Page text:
Published on April 10th, 2017 | by Steve Hanley0
Oklahoma Drinking Water Poisoned By Fracking, Claims New Report
April 10th, 2017 by Steve Hanley
A new report from the Clean Water Fund claims that drinking water supplies in Oklahoma are at risk from several oil and gas wastewater wells. Many private wells could also be affected by wastewater disposal wells permitted by the Oklahoma Corporation Commission (OCC).
“It’s disturbing that the OCC may have permitted oil and gas wells to inject directly into potential drinking water sources and that the agency can’t accurately point to where the drinking water is located,” said John Noël, lead author of the report. He is also the national oil and gas campaign coordinator for Clean Water Action. “That’s fundamental to the OCC’s job. It is the agency that is supposed to protect Oklahomans’ drinking water from the impacts of oil and gas activities. Without proper information, the OCC cannot assure that the state’s many thousands of injection wells have all been permitted safely.”
Speaking with ThinkProgress, Noël would not say whether there are specific drinking water reserves that have been contaminated. Instead he pointed out that OCC’s publicly available data is “wildly flawed,” outdated, and unreliable. “They are admitting there is flawed data publicly available and that’s what we are basing our analysis on,” Noël said. “How are they able to safely permit oil and gas wells?”
Oklahoma is home to Scott Pruitt, the man taking a hatchet to the EPA under Trump. As attorney general of Oklahoma, he was famous for suing the EPA. Trump’s primary environmental policy initiatives are based on the premise that states have all the money and manpower they need to protect their own environments.
An OCC spokesperson denied there are any wastewater injection wells that are going into drinking water sources. “The study is based on faulty data that we warned the group about in February when they presented their draft findings and we saw what data they were using,” Matt Skinner told ThinkProgress via email.
The Clean Water Fund claims Oklahoma has at least 18 wastewater injection wells that do not go deep enough to avoid known groundwater sources. In addition, the CWF analysis found that OCC may be using erroneous data to calculate how deep injection wells need to go to avoid drinking water sources.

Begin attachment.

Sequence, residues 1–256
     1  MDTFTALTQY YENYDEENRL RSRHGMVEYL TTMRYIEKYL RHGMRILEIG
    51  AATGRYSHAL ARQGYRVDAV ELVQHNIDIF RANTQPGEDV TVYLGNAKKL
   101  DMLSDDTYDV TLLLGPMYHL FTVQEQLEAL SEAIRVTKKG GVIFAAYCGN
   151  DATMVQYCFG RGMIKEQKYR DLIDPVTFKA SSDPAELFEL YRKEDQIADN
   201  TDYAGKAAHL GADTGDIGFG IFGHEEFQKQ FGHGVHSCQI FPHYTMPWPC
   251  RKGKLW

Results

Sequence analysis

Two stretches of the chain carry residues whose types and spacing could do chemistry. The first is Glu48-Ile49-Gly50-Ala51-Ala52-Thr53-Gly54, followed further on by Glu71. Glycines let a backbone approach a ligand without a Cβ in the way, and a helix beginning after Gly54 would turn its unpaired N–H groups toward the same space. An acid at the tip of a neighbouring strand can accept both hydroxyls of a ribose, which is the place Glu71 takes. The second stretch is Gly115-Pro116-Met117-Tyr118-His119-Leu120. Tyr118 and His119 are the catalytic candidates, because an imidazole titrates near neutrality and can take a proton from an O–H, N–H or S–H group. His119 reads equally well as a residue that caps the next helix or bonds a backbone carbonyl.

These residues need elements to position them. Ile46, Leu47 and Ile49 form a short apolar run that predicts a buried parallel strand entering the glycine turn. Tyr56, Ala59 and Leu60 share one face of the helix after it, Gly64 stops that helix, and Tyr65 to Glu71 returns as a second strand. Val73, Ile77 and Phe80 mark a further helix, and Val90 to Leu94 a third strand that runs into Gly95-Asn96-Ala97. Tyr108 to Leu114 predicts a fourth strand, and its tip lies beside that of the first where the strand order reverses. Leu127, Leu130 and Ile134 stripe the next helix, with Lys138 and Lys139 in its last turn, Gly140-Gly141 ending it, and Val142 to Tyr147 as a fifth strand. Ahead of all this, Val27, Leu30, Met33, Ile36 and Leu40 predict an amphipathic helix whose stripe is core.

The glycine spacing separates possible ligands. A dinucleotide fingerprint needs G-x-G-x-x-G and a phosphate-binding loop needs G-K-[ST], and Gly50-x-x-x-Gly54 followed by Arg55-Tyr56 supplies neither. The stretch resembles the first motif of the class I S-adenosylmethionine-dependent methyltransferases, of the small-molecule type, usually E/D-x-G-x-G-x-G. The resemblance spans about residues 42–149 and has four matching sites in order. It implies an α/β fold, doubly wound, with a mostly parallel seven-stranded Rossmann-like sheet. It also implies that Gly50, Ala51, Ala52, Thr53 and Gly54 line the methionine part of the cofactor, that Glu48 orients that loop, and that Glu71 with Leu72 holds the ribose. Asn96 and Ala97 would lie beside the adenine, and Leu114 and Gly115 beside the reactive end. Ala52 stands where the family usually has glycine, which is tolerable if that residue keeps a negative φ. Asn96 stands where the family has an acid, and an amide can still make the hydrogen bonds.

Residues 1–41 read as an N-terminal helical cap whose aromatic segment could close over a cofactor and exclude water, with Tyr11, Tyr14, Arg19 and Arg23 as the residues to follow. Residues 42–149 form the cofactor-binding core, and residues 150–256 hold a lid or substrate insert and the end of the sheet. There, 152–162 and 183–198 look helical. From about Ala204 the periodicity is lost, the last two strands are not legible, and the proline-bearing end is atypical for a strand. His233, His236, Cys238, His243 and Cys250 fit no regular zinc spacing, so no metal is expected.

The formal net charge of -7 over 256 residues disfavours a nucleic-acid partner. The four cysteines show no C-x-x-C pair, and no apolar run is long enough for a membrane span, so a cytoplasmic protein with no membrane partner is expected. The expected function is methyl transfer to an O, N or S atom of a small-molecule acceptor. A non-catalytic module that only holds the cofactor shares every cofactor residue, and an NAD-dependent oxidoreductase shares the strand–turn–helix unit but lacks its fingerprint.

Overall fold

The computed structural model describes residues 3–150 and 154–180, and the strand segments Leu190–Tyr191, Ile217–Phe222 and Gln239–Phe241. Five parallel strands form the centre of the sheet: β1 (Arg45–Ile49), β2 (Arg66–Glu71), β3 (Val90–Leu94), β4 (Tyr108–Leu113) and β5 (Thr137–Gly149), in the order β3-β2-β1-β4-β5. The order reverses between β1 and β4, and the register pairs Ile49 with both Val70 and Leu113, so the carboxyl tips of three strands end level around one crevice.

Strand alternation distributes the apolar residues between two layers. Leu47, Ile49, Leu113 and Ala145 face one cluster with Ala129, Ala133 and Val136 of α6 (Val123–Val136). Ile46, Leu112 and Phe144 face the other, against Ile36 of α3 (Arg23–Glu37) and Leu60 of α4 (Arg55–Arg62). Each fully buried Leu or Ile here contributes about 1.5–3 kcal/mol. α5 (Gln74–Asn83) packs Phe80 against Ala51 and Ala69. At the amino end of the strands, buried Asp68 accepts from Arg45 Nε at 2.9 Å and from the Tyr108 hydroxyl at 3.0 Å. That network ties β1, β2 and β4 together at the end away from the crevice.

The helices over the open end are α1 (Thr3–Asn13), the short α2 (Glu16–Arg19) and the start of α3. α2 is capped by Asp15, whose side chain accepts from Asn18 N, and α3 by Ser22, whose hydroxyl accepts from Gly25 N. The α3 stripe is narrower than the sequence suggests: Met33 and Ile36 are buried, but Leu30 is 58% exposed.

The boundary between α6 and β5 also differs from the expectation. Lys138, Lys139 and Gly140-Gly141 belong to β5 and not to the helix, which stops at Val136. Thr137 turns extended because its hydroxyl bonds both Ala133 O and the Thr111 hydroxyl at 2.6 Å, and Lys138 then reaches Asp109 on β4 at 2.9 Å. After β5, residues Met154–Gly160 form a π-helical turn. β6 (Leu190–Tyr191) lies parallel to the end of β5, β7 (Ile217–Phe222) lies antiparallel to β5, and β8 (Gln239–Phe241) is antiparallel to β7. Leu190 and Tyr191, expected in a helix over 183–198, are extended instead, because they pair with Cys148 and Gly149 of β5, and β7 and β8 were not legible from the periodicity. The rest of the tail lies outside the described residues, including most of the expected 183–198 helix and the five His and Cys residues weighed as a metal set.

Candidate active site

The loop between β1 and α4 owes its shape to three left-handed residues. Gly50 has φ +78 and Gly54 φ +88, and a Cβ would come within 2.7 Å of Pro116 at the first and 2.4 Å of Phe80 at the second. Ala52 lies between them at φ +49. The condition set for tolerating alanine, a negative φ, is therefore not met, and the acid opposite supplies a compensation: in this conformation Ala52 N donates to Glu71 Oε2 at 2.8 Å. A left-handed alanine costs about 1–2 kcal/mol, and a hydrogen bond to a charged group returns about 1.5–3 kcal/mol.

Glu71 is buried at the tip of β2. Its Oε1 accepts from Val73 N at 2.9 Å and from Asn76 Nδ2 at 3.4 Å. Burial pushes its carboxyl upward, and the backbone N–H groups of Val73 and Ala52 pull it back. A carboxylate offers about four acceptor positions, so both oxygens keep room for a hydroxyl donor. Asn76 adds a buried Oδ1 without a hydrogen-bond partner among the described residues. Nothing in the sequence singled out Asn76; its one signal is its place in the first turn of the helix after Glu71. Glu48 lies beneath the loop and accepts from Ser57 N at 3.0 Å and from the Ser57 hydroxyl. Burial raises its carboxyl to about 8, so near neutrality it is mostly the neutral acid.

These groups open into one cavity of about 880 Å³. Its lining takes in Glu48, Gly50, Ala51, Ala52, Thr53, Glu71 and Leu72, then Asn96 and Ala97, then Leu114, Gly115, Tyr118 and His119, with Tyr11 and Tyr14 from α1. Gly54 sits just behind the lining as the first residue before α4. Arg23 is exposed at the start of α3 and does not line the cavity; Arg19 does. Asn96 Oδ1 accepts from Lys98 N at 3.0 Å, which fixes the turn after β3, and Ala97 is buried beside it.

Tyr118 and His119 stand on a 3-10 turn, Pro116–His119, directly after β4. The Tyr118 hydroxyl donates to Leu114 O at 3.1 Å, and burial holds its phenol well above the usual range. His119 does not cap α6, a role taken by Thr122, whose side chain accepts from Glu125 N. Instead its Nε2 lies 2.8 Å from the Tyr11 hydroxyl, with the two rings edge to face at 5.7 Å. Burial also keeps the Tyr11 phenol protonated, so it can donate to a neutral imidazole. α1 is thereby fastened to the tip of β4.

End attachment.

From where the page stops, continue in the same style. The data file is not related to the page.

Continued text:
There are 6,844 domestic water wells and 175 public water supply wells in the state that get their water from below what OCC assumes is the cutoff for underground drinking water supplies, the research showed. “We have checked the 18 wells they said were injecting into USDW (underground sources of drinking water),” Skinner told ThinkProgress. “They are not.”
Public drinking water wells are regulated by the Oklahoma Water Resources Board, not the OCC. A spokesperson for OWRB told ThinkProgress that the agency does not use the same measurements OCC does to regulate domestic water well drilling. He noted that domestic water wells are tested before they are permitted.
Drinking water is primarily regulated by the Environmental Protection Agency under the Clean Water Act and the Safe Drinking Water Act, two vital pieces of environmental legislation. But fracking, a water-intensive oil and gas extraction method, has been exempt from many of the requirements of the two acts. The so-called Halliburton loophole allows fracking companies to keep the chemicals they use — which end up in wastewater disposal wells — secret from the public. It is known that one of those chemicals is often benzene, a known carcinogen.
Oklahoma is not the only state where drinking water oversight is being criticized. Clean Water Fund issued a similar report for Texas last year, which prompted a full review by Texas regulators. Researchers in Texas have found elevated levels of benzene and arsenic in groundwater near fracking operations.
Environmental groups in California have also found the state had permitted hundreds of oil and gas extraction or wastewater disposal injection wells in aquifers that should have been protected under the Safe Drinking Water Act. After the permitting mistakes came to light, the state rushed to ask the EPA to issue exemptions for the aquifers.
The Trump administration’s proposed EPA budget would cut oversight of drinking water supplies by 30%. “The declining budget is going to make this problem that much harder to fix,” Noël said.
Source: Think Progress Graphic credit: Clean Water Fund.
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